Mr. Speaker, Stephen Colbert has a word for Republicans in the United States basically making up facts. The word he uses is “truthiness”. What Colbert has said in The Colbert Report is, “Truthiness is just feeling something in the gut, rather than doing your do diligence and looking at your facts”. That is what the NDP has actually done. It has looked at the facts and done its due diligence and not relied on truthiness, which is what we have seen from the Conservatives in this debate so far on Canada-Colombia.
I know many Canadians have written to the leader of the Liberal Party and the Prime Minister. Thousands of letters have gone to the Leader of the Opposition's office because so many Canadians deplore how the Liberals have sold out human rights on the issue of Canada-Colombia. Those thousands of Canadians have been watching the debate and what they have seen is one side simply presenting whatever emotional poll it has and another side presenting the facts.
Because the NDP effort is fact based, what I will do is talk about the facts of Colombia and this trade agreement. Hopefully I will have enough time, though not a lot of time, to talk a bit about the NDP approach on fair trade. As you know, Mr. Speaker, the NDP is the only party that actually does public consultations on trade policy.
We believe Canadians need to be engaged on trade issues. We believe Canadians actually need to discuss trade, that trade has implications and that bad trade policy can have as negative implications as good trade policy can have positive. Unfortunately, under the Liberals and Conservatives, we have seen very little good trade policy.
The first fact to talk about is what is actually happening in Colombia. The most important thing to look at is what has happened since these negotiations started with Canada-Colombia. What has happened over the last three years?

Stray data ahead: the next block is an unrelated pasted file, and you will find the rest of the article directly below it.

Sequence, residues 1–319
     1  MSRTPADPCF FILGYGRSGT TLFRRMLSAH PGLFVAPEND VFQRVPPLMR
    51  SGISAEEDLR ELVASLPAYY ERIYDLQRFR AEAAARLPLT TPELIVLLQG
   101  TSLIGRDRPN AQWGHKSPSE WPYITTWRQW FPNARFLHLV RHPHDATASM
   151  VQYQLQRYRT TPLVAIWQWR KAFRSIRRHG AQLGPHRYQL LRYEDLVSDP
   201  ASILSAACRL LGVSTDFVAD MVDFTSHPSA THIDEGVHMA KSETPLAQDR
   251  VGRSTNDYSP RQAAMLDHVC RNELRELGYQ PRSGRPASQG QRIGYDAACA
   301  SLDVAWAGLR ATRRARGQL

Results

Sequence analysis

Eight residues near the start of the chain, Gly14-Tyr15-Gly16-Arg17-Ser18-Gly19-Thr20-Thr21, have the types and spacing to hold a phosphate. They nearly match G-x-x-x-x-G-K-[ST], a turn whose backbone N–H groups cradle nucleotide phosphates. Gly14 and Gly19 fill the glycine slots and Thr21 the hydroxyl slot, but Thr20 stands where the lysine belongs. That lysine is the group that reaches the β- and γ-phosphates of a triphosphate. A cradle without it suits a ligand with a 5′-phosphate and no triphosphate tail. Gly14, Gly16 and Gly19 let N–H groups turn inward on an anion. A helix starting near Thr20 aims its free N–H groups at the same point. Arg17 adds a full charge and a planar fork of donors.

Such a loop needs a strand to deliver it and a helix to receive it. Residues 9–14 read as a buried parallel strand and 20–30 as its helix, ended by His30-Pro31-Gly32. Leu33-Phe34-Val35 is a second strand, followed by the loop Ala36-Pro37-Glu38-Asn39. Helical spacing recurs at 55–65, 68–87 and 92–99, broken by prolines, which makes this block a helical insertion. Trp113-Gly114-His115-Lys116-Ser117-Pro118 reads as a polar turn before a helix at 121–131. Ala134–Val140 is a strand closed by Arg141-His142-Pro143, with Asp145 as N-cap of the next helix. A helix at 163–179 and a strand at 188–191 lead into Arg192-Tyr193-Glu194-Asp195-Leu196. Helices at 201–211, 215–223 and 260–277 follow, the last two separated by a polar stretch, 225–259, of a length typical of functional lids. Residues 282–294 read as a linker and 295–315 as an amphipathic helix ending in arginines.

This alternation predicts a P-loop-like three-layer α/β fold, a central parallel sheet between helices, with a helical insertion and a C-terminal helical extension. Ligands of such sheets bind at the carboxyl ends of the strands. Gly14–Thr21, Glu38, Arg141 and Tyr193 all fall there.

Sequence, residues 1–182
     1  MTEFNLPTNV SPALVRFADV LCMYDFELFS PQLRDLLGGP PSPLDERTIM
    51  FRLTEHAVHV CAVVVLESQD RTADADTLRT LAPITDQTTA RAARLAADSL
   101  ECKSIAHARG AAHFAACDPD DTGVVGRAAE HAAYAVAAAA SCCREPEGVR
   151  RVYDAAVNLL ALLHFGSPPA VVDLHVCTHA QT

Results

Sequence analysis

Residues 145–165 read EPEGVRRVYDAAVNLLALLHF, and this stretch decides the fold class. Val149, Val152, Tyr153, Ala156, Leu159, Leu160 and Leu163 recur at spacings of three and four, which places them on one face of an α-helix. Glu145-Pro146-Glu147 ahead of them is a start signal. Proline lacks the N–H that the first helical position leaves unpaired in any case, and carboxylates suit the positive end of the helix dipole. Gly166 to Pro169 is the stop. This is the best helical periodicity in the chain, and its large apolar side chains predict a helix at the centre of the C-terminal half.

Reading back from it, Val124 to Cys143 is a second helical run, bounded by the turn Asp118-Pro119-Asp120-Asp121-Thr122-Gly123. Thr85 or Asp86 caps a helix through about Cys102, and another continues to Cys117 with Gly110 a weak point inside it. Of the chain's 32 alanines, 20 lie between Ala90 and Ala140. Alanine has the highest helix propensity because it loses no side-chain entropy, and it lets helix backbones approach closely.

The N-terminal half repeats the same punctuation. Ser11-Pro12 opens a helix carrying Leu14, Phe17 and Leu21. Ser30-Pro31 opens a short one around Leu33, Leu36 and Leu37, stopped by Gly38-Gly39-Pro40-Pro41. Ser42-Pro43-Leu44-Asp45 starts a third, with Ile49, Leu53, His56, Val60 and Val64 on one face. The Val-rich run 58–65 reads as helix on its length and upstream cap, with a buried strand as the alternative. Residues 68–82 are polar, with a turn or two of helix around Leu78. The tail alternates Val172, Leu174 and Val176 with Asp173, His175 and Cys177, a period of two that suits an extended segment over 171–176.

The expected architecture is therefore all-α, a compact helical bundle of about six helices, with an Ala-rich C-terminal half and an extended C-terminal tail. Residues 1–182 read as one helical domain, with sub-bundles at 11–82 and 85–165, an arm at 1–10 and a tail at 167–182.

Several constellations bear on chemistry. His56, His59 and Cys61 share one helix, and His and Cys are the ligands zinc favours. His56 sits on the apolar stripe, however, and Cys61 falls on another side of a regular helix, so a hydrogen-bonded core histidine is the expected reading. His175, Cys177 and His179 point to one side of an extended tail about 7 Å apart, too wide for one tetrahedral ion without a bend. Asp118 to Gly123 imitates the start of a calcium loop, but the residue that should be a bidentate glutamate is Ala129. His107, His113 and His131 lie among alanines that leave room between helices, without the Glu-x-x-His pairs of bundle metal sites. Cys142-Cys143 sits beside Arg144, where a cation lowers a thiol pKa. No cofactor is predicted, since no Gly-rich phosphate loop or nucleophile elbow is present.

The Centre for Popular Education and Research, and that is citing a study rather than just saying things are better in Colombia, has shown that over the last three years there has been a marked increase in paramilitary killings, extrajudicial executions and the so-called false positives by the Colombian military. That has been cited. As we well know, the false positives are why the United Kingdom pulled out of its military arrangement with Colombia.
While the Canadian government is trying to push forward, other governments, like Norway and the United Kingdom, and even the U.S. Congress have pulled back. Obviously there is a problem.
The facts are the following. The number of trade unionists killed increased 18% from 2007 to 2008. It is up even higher this year. The number of disappearances has increased. The number of false positives, which is an innocent word that describes a horrible reality, has increased.
I will cite another source because it is important to get real facts out on the table, not just the emotions or the truthiness the Conservatives feel. I know they love President Uribe, but they cannot let their wild, whacky emotions, because he is an ideological soul brother, get in the way of the facts. The reality is that most people I know who even vote Conservative would be absolutely outraged with these ties with paramilitaries and the drug trade that has been fully documented.